The Southern Baptist blogosphere has erupted in conversation on whether it’s proper to use phrases like “asking Jesus into your heart,” “accepting Christ,” or methods like the “sinner’s prayer” when sharing the gospel. Like many online conversations, this one has tended to generate more heat than light, and I get the feeling that good folks on both sides of this issue may be talking past one another.
This discussion over methods and terms has been bubbling under the surface for a good while now. A younger generation of pastors look out at the state of evangelicalism and are rightly concerned that many people with cultural Christianity in their background cling to assurance they are saved despite an overwhelming lack of evidence of genuine conversion. It’s no surprise that some pastors are blaming the methods and terms that became prevalent in the previous generation. That’s why we hear a pastor like David Platt consider a phrase like “asking Jesus into your heart” to be “dangerous” and “damning.”
The response to this critique has been to trot out the biblical and historical precedent for using such terminology. That’s not hard. The idea of “receiving Christ” is all over the New Testament. It is certainly a part of the good news that we are not only in Christ, but that Christ is in us. Pastor Steve Gaines’ rebuttal to David Platt, for example, focused on the biblical preponderance of such language and how it offers a full-orbed view of what takes place when a sinner places faith in Jesus Christ.
A Global Perspective
The first time I questioned the legitimacy of expressions like “ask Jesus into your heart” was when I was a student in Romania. Several Romanian pastors challenged the use of such terminology. They considered it to be another example of the American tendency to water down the nature of true repentance, and they recommended the use of such phrases only if fully explained. They saw these expressions as distinctively “American” and worried that they did not give sufficient weight to the idea of surrendering one’s life to King Jesus in repentance and faith.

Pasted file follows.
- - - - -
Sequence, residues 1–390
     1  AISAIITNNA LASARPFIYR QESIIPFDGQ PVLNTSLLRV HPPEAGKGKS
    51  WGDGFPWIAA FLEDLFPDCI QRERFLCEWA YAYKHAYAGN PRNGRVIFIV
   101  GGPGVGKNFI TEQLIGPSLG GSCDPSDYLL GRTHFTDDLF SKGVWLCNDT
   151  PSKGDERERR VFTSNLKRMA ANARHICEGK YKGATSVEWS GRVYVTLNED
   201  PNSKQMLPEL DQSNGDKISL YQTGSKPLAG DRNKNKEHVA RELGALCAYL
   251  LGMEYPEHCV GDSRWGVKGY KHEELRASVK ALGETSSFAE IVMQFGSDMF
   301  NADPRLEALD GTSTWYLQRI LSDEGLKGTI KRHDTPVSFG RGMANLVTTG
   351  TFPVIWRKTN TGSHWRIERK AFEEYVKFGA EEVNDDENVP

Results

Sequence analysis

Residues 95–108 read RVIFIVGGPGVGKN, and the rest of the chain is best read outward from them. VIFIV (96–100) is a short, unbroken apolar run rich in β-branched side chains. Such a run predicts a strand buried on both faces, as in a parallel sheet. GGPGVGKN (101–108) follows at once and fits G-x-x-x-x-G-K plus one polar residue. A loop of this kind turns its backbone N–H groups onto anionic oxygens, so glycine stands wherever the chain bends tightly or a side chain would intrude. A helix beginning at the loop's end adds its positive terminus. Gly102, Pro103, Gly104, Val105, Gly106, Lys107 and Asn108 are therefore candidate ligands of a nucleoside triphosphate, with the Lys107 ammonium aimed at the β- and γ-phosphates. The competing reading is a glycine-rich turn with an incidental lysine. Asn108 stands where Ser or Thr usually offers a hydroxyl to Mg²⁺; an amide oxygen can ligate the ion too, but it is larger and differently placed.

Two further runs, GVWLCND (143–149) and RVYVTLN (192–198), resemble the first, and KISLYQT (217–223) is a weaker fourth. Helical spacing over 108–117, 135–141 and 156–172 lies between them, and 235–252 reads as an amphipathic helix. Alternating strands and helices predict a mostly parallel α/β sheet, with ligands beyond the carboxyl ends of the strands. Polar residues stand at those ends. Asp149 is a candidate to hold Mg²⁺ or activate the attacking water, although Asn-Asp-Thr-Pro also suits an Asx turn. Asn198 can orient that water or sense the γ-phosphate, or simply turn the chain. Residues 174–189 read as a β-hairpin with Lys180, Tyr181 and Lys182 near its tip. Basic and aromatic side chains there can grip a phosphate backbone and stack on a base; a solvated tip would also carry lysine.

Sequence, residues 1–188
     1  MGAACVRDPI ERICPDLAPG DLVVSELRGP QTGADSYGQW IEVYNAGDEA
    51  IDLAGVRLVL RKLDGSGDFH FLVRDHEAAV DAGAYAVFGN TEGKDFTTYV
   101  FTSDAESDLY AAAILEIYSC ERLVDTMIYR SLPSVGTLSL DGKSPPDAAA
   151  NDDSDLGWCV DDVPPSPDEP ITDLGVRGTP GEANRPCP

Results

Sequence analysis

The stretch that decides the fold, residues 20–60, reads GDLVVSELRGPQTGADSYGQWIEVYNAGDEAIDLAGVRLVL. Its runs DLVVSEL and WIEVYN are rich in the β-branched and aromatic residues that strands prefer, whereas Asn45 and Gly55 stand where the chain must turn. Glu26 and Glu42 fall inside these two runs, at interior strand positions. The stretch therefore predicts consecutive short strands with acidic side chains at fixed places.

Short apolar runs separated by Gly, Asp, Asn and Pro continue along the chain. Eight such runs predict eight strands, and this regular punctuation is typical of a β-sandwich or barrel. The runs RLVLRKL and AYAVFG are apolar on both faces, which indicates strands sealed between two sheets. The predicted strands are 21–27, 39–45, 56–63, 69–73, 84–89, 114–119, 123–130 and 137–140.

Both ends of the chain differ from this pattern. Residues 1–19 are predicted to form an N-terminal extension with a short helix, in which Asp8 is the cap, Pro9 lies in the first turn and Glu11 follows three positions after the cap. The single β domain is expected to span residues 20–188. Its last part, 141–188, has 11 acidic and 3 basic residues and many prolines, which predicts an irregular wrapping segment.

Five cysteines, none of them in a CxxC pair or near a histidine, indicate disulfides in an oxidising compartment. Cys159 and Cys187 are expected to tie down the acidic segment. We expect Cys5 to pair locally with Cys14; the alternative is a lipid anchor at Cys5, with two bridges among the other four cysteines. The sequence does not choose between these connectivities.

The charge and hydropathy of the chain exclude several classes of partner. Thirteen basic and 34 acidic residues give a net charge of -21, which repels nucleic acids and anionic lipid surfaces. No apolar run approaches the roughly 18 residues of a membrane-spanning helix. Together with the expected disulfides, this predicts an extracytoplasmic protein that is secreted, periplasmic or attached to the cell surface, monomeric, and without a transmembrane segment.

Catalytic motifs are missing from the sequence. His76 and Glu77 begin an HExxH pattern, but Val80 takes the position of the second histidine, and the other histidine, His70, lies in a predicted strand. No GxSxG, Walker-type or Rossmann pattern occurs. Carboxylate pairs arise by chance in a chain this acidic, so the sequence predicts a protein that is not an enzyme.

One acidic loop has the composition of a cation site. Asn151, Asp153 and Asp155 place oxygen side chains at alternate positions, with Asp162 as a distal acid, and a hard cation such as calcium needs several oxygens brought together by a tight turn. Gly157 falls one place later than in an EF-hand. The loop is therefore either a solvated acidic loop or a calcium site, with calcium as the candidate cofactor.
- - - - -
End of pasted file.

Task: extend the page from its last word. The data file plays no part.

Though some in the Southern Baptist Convention want to make this a debate between Calvinists and non-Calvinists, a broader perspective shows that this is part of an ongoing conversation between Christians in the U.S. and Christians in other parts of the world. The pastors I knew who had concerns with this language were not Calvinistic at all. Still, they were afraid of creating false converts and offering them false assurance. It ought to at least give us pause that many Christians in other parts of the world are uncomfortable with this terminology.
The Real Issue is False Assurance
At the end of the day, the conversation about “the sinner’s prayer” and “asking Jesus into your heart” is not really about the legitimacy of such methods or the biblical justification for using expressions like “having a personal relationship with Christ” or “receiving Jesus.” I believe that properly understood and explained, any of these methods and terms can be used, to good effect. And I bet David Platt would have no problem at all with the careful way that Steve Gaines explains what it means to “receive Jesus.”